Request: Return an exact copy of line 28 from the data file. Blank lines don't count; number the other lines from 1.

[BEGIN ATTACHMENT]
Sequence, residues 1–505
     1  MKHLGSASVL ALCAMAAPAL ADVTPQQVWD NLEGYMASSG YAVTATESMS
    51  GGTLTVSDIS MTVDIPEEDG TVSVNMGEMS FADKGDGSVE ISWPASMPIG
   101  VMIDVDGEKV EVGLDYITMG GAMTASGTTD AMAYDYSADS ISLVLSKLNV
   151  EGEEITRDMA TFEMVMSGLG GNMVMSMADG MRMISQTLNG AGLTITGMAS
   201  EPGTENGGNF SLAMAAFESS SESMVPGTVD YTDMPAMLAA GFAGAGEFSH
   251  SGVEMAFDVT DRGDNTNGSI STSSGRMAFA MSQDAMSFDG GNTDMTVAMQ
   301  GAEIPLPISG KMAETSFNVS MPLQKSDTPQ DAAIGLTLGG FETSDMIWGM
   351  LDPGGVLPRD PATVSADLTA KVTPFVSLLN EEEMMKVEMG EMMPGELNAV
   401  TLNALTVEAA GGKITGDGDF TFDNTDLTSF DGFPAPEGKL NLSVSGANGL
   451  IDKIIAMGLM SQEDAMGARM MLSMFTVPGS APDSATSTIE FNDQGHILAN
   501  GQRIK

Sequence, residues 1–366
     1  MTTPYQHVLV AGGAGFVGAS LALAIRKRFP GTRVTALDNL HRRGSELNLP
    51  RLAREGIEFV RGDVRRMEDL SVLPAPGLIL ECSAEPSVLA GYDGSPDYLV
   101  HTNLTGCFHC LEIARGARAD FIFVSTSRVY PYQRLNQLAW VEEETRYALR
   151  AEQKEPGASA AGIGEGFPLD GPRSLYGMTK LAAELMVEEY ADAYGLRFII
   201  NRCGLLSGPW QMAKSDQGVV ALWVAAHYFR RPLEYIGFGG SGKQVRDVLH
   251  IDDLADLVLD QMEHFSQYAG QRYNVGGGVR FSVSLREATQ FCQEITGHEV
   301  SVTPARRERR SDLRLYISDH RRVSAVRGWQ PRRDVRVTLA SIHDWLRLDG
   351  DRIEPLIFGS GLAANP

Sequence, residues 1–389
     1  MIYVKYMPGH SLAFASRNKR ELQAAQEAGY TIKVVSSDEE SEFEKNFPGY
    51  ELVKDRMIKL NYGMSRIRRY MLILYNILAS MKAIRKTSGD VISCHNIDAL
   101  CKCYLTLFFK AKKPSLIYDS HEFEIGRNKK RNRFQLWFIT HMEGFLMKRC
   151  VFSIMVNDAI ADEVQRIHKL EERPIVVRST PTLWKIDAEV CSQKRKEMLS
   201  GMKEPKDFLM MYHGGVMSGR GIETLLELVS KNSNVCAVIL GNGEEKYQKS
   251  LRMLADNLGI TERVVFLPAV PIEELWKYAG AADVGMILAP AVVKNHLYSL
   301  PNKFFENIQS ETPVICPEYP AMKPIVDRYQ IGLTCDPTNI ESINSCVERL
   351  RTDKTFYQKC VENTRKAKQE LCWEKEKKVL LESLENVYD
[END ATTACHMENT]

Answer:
   251  LRMLADNLGI TERVVFLPAV PIEELWKYAG AADVGMILAP AVVKNHLYSL